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understand alternatives, traffic professionals need to interact with academic and technical communities so that they can anticipate tools that may be available in 5, 10, even or 20 years and so that development of the tools can keep pace with emerging problems. This will help communities protect their cultural, environmental, and social resources and plan to meet their own needs and those of future generations.
FGDC (Federal Geographic Data Committee). 2000. NSDI Community Demonstration Projects Final Report. Available at http://www.fgdc.gov/nsdi/docs/cdp/. Accessed October 1, 2001.
Leitner, Helga, Sarah Elwood, Eric Sheppard, Susanna McMaster, and Robert McMaster. 2000. Modes of GIS provision and their appropriateness for neighborhood organizations: Examples from Minneapolis and St. Paul, Minnesota. URISA Journal 12(4 Fall):43-56.
NRC (National Research Council). 1993. Toward a Coordinated Spatial Data Infrastructure for the Nation. Washington, D.C.: National Academy Press.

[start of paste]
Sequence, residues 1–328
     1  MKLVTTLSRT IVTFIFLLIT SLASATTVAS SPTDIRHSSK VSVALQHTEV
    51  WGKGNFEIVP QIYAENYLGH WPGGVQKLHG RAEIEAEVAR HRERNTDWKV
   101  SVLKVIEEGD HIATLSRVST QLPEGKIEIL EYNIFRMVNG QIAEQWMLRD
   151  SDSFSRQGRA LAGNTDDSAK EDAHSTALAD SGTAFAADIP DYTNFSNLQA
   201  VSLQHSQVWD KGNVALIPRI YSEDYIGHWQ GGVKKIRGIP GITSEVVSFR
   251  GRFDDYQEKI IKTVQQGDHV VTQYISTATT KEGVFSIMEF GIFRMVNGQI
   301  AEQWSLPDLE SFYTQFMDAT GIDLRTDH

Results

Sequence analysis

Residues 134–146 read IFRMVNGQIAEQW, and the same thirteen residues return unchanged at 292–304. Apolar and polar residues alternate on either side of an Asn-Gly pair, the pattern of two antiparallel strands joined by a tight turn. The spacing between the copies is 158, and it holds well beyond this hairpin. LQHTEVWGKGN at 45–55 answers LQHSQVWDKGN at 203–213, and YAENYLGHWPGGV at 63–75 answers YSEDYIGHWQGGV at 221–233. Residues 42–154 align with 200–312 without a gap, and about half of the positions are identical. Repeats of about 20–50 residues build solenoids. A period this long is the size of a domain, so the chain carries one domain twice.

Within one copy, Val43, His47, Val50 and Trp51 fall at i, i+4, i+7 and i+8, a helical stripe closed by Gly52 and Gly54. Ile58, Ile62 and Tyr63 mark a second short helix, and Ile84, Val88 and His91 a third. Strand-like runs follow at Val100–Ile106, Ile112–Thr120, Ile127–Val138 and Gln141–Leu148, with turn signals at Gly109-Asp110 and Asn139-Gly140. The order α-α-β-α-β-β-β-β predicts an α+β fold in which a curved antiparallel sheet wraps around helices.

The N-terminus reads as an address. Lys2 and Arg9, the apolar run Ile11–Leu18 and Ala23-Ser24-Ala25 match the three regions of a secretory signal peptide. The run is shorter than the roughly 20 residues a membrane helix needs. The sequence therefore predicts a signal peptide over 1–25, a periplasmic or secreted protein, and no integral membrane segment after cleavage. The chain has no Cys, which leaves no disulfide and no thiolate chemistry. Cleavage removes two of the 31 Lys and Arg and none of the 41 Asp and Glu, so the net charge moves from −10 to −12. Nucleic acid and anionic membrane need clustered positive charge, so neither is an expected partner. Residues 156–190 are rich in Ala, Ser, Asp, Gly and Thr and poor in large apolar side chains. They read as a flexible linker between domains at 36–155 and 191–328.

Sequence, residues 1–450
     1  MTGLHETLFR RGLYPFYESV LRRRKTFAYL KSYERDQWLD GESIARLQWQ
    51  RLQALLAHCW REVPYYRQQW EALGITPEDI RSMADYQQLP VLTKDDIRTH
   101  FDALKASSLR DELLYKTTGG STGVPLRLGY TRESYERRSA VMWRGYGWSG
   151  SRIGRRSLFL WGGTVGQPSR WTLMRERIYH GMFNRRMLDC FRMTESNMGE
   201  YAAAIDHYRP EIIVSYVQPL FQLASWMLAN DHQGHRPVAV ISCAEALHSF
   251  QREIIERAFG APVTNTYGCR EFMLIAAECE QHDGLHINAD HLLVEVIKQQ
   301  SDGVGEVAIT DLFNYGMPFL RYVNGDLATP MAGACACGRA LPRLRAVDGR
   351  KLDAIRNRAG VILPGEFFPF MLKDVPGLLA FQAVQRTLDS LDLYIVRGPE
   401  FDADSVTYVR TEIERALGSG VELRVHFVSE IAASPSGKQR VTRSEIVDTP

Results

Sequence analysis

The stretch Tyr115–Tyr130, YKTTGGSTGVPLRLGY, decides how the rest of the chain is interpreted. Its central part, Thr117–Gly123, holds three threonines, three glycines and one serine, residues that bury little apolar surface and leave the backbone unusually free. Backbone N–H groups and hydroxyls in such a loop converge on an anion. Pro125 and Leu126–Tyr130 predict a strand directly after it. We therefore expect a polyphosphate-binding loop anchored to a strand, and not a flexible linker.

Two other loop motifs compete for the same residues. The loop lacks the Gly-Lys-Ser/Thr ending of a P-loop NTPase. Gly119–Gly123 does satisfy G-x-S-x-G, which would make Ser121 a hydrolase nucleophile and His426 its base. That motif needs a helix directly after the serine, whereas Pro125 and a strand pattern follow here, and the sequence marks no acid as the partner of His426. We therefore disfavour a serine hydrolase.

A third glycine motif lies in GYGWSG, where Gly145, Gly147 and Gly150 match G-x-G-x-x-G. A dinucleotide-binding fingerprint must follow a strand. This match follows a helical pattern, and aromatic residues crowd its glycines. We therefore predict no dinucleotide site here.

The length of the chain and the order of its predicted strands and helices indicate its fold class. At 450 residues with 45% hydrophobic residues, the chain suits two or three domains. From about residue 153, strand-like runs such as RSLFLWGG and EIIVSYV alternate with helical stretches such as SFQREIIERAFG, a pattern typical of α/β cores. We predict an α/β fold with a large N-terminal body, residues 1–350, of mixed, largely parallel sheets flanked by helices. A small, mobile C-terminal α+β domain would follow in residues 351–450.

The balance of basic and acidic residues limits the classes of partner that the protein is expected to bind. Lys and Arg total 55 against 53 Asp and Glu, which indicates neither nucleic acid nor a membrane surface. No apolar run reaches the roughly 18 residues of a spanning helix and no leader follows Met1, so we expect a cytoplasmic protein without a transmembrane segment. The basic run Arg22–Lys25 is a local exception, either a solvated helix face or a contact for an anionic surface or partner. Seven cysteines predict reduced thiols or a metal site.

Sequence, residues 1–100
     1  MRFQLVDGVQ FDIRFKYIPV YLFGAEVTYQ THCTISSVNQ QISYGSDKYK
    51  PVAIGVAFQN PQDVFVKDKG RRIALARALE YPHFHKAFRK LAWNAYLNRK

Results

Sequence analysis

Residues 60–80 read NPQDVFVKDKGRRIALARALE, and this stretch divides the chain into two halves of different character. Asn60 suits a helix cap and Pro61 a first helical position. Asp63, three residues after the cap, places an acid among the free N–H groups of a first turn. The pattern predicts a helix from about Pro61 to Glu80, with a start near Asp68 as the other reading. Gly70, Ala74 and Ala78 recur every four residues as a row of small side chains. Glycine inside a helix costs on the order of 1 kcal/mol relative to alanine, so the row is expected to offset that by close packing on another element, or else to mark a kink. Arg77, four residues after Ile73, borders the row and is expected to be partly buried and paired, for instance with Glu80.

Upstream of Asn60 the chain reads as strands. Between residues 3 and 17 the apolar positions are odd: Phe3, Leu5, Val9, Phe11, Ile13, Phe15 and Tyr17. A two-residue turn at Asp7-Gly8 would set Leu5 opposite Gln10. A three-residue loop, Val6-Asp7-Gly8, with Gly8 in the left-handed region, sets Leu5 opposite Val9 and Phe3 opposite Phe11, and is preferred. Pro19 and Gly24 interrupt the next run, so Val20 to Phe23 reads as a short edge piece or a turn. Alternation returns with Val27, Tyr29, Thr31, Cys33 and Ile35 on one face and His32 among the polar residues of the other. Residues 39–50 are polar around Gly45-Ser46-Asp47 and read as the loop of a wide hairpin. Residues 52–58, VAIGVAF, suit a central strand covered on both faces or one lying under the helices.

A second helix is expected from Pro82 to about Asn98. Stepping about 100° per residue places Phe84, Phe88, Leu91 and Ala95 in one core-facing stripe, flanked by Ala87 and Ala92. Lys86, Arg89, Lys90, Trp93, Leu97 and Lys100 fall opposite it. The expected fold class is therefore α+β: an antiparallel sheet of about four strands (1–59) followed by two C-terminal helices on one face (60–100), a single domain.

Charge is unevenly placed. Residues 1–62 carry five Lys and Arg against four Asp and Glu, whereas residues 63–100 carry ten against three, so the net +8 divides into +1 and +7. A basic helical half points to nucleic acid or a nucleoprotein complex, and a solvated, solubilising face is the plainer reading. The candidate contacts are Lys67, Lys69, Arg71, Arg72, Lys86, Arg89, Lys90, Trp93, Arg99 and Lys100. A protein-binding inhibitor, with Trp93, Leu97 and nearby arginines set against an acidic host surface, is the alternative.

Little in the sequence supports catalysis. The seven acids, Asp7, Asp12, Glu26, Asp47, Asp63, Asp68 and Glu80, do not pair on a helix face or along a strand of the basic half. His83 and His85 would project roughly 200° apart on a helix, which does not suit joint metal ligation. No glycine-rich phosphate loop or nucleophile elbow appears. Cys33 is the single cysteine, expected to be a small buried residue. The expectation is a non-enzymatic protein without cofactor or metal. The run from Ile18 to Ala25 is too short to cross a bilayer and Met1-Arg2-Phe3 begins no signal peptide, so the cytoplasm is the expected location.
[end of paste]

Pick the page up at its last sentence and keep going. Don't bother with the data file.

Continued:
NRC. 1994. Promoting the National Spatial Data Infrastructure Through Partnerships. Washington, D.C.: National Academy Press.
NRC. 1995. A Data Foundation for the National Spatial Data Infrastructure. Washington, D.C.: National Academy Press.
Sawicki, David S., and Patrice Flynn. 1996. Neighborhood indicators: A review of the literature and an assessment of conceptual and methodological issues. Journal of the American Planning Association 62(2):165-183.
Sawicki, David S. and David R. Peterman. 2002. Surveying the Extent of PPGIS Practice in the United States. In W. J. Craig, T. M. Harris, and D. Weiner, eds., Community Participation and Geographic Information Systems. London: Taylor and Francis.